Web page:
Consilium Technology’s chief executive, Seth Thuraisingham, noted the importance of the AIR 6500 program in bolstering the ADF’s defence capabilities.
“Lockheed Martin Australia has been an outstanding and engaging partner to work with, which will only lead to more innovative outcomes. We are excited to be working with Lockheed Martin Australia to achieve next-generation outcomes for Australia’s Future Joint Air Battle Management System,” Thuraisingham said.
Lockheed Martin Australia’s head of engineering and technology, David Butler, welcomed Consilium Technology’s contribution to the offering.
“Consilium Technology are terrific partners to work with. They provide cutting-edge AI and machine learning technologies that are highly advanced and are game changers for the future of joint air battle management operations,” Butler said.
Lockheed Martin Australia is one of two primes down-selected for the Competitive Evaluation Process Stage 2 (CEPS2) for AIR 6500 Phase 1, competing against Northrop Grumman Australia.
In December, LMA signed a teaming agreement with Leidos Australia, set to involve the joint development of an open architecture framework, supporting application development for the project.
Specifically, the companies will investigate transformative software factory technologies, enhanced by a number of features, including secure coding, advanced cyber security infrastructure, automated monitoring, continuous deployment, network optimisation and testing. (Source: Defence Connect)
24 Feb 22. After recently announcing its capital raise to support its “Chip to Cloud” vision, Secure-IC, the rising leader and only provider of end-to-end cybersecurity solutions for embedded systems and connected objects announced today the launch of a unique cybersecurity lifecycle management platform for connected objects (SecuryzrTM integrated Security Services Platform). Secure-IC has been providing the electronic industries, for over a decade, with its protection technologies, namely the SecuryzrTM iSE (integrated Secure Elements) and Silicon IPs which are embedded into hundreds of millions of electronic chips for smartphones, computers, automobiles, smart meters, cloud servers and more. The semiconductor industry is now aware that integrated Secure Elements (iSE) are the solution to protect their System-on-Chips, across the supply chain of vertical industries (automotive, industrial IoT and OT, AI, Telecom, New Space). The iSE typically enables secure provisioning, and therefore proactively fights against master compromising, malware/Trojan insertion, overbuilding, etc. Then, after deployment, the Edge product must remain on the safe and secure side. Even better, security must be maintained at the desired level despite the fact that adversaries are becoming increasingly sophisticated. Nowadays, fleets of connected devices have operational needs to maintain over time a relevant level of security, monitor their status and securely update their firmware. Therefore, beyond the physical security of electronic chips, Secure-IC intends to cover the entire security lifecycle of connected objects and embedded systems, from their design through the management of fleets of deployed devices up to their decommissioning. That is why, Secure-IC has developed the SecuryzrTM integrated Security Services Platform (iSSP) to enable its customers and partners to securely supply, deploy and manage a fleet of devices from the cloud and be provided with added-value security services, as well as compliance to standards. The SecuryzrTM iSSP is composed of the traditional SecuryzrTM iSE which is Secure-IC’s Root of Trust on the embedded Edge side with a software agent to provide connectivity from chip to cloud (and respectively) and the newly launched SecuryzrTM Server. This solution will be able to run on both public and private clouds and will come with a user-friendly web interface and software bridge for the devices to manage heterogeneous fleets of devices. The SecuryzrTM Server manages the different services for the platform and the business applications it hosts:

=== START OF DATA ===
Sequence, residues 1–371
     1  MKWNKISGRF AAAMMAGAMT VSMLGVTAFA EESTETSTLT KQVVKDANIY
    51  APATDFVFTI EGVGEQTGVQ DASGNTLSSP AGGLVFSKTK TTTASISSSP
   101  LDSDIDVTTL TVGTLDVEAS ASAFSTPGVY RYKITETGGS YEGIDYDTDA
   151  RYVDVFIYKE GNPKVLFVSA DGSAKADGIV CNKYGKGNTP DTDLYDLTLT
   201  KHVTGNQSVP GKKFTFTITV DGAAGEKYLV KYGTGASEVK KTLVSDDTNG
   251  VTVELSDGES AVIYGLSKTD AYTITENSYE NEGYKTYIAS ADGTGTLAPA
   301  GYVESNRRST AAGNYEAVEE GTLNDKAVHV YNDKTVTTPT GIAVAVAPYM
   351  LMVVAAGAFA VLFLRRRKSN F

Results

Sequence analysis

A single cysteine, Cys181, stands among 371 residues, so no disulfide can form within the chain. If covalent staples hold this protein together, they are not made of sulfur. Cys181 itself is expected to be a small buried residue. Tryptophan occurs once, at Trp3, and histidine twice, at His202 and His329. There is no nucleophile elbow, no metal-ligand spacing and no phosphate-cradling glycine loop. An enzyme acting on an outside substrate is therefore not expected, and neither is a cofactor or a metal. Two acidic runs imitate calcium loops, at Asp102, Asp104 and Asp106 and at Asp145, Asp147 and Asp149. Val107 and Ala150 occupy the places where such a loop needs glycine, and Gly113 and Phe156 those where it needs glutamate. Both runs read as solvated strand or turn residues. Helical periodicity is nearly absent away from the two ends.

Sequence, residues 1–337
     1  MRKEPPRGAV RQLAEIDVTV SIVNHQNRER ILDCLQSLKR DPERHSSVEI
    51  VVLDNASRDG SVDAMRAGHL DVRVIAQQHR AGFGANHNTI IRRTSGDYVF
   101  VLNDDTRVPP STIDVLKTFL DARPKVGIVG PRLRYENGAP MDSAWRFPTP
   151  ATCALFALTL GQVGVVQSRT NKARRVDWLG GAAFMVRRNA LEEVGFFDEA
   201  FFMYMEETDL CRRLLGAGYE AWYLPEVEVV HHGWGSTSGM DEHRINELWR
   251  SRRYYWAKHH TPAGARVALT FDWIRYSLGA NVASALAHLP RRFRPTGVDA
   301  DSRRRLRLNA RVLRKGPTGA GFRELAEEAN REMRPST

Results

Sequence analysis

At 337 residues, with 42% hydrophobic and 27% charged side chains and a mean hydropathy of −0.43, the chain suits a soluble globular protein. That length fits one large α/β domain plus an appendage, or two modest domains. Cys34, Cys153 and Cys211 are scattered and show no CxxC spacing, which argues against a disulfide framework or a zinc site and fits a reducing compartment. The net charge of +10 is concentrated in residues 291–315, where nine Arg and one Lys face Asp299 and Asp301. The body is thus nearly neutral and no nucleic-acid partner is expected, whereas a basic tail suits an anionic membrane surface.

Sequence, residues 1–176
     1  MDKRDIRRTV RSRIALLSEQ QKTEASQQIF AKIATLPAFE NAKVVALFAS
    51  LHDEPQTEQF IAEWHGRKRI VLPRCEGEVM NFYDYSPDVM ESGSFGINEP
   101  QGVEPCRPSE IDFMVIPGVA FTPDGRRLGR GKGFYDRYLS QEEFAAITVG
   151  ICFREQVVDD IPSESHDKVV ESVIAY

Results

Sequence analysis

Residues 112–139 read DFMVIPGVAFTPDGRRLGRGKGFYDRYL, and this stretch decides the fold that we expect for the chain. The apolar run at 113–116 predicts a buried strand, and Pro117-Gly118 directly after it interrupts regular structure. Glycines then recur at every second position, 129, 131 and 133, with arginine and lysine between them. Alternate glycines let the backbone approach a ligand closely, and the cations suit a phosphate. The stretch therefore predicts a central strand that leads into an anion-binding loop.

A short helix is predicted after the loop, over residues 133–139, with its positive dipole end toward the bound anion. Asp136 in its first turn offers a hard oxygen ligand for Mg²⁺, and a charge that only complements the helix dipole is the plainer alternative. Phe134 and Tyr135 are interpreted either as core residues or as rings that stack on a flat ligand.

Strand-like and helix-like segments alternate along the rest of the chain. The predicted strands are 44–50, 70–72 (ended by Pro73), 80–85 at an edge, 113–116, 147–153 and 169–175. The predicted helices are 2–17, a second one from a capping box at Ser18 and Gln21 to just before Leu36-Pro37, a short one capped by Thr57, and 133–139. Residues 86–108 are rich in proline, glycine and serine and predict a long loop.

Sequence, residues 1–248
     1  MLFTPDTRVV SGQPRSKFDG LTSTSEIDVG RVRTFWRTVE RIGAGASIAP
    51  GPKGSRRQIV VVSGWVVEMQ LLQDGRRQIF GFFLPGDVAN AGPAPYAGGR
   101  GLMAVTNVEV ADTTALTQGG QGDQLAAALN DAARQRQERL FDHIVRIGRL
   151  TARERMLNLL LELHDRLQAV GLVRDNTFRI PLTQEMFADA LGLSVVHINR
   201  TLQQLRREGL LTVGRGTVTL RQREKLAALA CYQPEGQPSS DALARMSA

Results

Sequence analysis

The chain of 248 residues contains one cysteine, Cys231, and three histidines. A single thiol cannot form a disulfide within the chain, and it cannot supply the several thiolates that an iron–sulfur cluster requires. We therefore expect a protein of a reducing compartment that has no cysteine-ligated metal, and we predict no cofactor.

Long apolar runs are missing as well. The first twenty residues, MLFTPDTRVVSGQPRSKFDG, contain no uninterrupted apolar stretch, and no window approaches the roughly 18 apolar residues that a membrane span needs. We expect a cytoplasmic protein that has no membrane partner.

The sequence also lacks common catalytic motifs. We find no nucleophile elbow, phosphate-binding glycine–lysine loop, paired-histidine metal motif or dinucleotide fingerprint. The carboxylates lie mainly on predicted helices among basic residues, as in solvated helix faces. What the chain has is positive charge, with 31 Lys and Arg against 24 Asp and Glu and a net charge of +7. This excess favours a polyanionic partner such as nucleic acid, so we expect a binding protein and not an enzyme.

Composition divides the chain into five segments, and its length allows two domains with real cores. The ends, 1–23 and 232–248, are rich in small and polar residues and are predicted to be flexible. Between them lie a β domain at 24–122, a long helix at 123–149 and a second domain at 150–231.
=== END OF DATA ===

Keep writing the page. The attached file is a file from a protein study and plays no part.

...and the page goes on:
− Key provisioning to securely provision the chip devices with secret key across the supply chain,
− Firmware Update (FOTA/FUOTA) to securely provide chips with their software and then update them physically or over the air, to maintain their security level,
− Devices Monitoring and cyber intelligence to provide a proactive security service, retrieving cyber security logs from the chips, analyzing them and sending instructions back to the chip fleet if necessary,
− Devices Identity to guarantee trust from the chip to the cloud, to the devices, users and data through devices multi-factor authentication that allows resistance against impersonation, replay, and in the event of an initial compromise.
The security of the systems will be easily visualized through a Security Digital Twin.